I recently had a very nice dinner with a pair of academics - one American, the other Iranian. These are smart people who don't get all their info from Murdoch and Hannitay. But they're under the impression - like many decent, liberal Americans - that the Democrats have different foreign policy goals than the Republicans, and wish to end the Iraq War.

When I said that the US was building permanent military bases in Iraq, and that this was a bi-partisan project, they refused to believe me. After all, it's never mentioned on CNN, or in the New York Times. My Iranian friend told me I had an Iranian perspective - because like all his countrymen I was a conspiracy theorist!

(I am a conspiracy theorist. But the permanent US bases in Iraq aren't a theory. Google "permanent US bases Iraq" and you'll get in excess of twelve million hits. These aren't conspiracy websites. They're sites like the Quakers' the Chicago Tribune, the Seattle Post Intelligencer, and Global Security, which exists, as far as I can tell, to provide information to families of US troops posted aboard, and to sell them 'deployment bracelets' and military ringtones.)

Global Security has a great introduction. There are fourteen permanent bases in all, including the Green Zone in Baghdad: two have not yet been officially identified. Not all of them are immediately proximate to oil fields (though the permanent Kirkuk base - Camp Renegade - sits on top of oil wells and a refinery). Most of them have airfields, which means they can quickly strike insurgents - or pipeline saboteurs - anywhere in the country.

The Pentagon intends to consolidate the bases - most of them, ironically enough, expansions of Saddam Hussein's palaces! - into four mega-bases. In addition to the Green Zone and Camp Renegade, they are:

Camp Anaconda (formerly Balad Airbase) - with five cafeterias, two swimming pools, and a 35mm cinema - holds 22,500 US troops and 2,500 US military contractors.

Camp Taji (formerly Camp Cooke), a Republican Guard 'military city' which has been fitted with 29,000 square feet of retail shopping opportunities for US troops.

Camp Falcon - also in Baghdad - intended to house 5,000 US soldiers.

Camp Courage (formerly Post Freedom - Saddam Hussein's Palace of Swords) in Mosul. Contains a kidney-shaped swimming pool, various palaces, three artificial lakes, and religious facilities for US troops.

Camp Victory - adjacent to Baghdad International Airport - has an artificial lake with a palace which serves as the USD Army's conference centre. Will house up to 14,000 US troops.

Camp Marez/Camp Diamondback - Mosul Airbase - with at least eight hardened aircraft shelters and muitions storage.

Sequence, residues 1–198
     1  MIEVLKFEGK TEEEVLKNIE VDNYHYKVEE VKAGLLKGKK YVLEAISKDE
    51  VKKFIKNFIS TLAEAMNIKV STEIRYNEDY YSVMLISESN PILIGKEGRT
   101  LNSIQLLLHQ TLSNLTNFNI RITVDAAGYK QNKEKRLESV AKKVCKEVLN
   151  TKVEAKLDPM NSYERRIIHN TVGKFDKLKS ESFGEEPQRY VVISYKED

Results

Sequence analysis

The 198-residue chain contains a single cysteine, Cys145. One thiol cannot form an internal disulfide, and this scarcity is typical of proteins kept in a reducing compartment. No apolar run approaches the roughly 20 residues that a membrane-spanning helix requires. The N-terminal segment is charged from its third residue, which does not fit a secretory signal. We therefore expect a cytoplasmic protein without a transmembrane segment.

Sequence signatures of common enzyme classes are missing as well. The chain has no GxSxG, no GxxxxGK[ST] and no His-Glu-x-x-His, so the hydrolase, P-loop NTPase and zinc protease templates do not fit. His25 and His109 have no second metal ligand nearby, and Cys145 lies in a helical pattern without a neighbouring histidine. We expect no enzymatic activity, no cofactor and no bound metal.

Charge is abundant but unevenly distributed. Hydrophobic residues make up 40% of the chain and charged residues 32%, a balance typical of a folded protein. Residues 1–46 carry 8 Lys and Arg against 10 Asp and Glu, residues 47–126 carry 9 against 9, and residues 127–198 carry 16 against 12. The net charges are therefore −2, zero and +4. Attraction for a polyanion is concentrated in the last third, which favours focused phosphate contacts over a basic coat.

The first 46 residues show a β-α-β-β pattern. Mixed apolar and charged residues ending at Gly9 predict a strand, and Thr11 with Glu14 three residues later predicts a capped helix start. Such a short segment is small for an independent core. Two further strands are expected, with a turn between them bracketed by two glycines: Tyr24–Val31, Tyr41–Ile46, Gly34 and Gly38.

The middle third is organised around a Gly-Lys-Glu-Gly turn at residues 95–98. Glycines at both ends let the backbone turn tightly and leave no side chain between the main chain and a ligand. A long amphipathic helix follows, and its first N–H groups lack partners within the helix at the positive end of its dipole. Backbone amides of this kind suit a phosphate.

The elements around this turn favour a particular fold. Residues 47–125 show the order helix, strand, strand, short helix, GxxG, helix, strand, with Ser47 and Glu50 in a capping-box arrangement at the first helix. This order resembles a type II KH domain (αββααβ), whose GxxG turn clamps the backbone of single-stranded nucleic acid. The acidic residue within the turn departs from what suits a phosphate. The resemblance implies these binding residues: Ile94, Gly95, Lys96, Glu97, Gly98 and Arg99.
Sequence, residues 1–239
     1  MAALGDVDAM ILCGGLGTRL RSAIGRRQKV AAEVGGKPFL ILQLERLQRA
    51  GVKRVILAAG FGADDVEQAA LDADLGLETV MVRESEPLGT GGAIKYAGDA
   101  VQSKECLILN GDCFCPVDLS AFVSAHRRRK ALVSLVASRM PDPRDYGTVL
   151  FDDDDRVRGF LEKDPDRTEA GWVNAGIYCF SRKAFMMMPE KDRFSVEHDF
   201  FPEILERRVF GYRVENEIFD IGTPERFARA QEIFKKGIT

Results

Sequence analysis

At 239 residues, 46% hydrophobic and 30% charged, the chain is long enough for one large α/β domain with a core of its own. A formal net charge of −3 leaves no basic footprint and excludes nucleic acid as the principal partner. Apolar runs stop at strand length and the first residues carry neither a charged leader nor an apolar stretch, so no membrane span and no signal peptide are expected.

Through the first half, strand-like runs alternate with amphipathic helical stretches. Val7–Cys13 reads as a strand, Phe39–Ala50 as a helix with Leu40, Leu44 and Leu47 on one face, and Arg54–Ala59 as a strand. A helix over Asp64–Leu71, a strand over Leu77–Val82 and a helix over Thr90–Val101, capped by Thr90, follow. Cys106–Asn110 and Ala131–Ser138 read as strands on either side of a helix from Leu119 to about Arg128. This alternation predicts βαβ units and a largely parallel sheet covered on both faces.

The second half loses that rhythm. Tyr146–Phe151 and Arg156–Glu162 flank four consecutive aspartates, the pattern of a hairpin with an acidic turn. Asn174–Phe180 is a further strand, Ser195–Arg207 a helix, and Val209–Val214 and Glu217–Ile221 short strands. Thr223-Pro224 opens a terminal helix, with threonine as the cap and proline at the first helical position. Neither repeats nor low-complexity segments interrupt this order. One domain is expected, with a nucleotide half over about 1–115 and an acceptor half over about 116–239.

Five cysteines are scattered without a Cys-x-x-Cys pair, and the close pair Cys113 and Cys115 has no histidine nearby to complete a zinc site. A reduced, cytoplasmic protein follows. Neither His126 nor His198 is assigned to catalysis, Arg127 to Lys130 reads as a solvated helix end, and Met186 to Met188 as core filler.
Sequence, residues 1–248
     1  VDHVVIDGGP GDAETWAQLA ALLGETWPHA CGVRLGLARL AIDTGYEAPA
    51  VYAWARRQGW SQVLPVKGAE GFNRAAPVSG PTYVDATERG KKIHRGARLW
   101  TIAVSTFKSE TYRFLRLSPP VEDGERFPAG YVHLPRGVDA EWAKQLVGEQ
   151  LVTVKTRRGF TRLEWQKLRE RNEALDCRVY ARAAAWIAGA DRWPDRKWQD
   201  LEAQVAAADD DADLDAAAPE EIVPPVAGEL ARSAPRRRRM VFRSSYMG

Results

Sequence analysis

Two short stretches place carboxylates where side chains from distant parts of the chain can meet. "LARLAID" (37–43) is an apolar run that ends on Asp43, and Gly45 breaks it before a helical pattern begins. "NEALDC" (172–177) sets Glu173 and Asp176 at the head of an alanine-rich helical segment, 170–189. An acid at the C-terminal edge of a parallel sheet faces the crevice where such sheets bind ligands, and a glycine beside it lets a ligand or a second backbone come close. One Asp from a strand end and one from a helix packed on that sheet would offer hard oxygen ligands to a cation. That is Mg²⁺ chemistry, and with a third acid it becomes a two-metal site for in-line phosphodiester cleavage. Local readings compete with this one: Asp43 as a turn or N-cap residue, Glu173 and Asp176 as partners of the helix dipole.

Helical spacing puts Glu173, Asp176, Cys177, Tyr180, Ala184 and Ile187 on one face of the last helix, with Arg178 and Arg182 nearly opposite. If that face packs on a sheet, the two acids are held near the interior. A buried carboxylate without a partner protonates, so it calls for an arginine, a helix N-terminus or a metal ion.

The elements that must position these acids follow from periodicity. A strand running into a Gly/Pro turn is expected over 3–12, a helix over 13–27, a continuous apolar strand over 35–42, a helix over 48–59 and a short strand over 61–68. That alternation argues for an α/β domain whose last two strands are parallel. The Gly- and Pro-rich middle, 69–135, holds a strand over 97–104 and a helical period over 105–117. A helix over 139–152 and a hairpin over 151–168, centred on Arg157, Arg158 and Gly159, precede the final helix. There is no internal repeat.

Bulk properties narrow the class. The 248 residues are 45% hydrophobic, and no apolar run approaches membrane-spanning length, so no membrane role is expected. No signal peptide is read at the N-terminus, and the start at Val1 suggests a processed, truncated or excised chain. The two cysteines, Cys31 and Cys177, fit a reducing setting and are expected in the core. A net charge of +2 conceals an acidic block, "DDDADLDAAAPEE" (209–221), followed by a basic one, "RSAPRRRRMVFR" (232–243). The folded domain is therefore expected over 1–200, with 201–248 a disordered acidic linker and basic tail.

Camp Speicher, in Tikrit, Northern Iraq - a.k.a. Al Sahra airfield, where the Americans are building a new rail spur, to facilitate construction. Home of the US "Screaming Eagles" and 6,000 other US troops.

Camp Fallujah - the exact location of this provocative military base is being kept secret. The Quaker site suggests it's being built at the railway station. Global Security says the largest US base adjacent to Fallujah is Camp Baharia: this too features lavish facilities and another artificial lake!

Nasiriyah Base - exact name and whereabouts unknown. (Nasiriyah is a provincial capital of South-East Iraq adjacent to massive oil and gas reserves.)

Another nameless faculty, being built between Irbil and Kirkuk. (Again, this is one of Iraq's biggest oil fields, destined to be seized by our Kurdish "allies" should the country fall apart).

Plus two more permanent bases, names and locations currently undisclosed, designated #13 and #14.

None of the above info is new. None of it is secret. It's all available on the web; all ignored by BBC, by CNN, by the major newspapers of record in Britain and the US. I'm re-capping it here because I think it's important 1) that we realise this stuff isn't anyone's "theory" and 2) that we understand this is a bi-partisan project, which means those cuddly Democrats support it, too.

When the Dems took over Congress, they had a clear mandate to bring the troops home. They didn't attempt to do it. Having a majority means that the Dems could vote the permanent base plan out of existence, by refusing to fund it. And here's the rub - they did! The House voted, back in March 2006 (before the election!) for Barbara Lee's amendment to bar the use of any funds in the new spending bill to establish US permanent bases in Iraq. The Senate voted the same way - a voice vote, with no opposition.

But all the language barring money for permanent bases was stripped from the legistation by the conference committee - a bipartisan body. So when Nancy Pelosi offered George W an unconditional twelve months' extension of the war, it was exactly that. Not a peace plan, not a compromise, but a guarantee of twelve more months - minimum - to build those bases.

Here are two more useful and informative links - the first to a site supporting the Iraqi petroleum workers union IFOU (the union, legal under Saddam Hussein, has been banned by the Americans); the second to Carbonweb.org, where you can download the report CRUDE DESIGNS - coproduced by War on Want - detailing the American and British rip-off of Iraqi oil wealth.

And you can download a report on Shell's part in the Iraqi oil ripoff - Stealing Iraq's Future - here.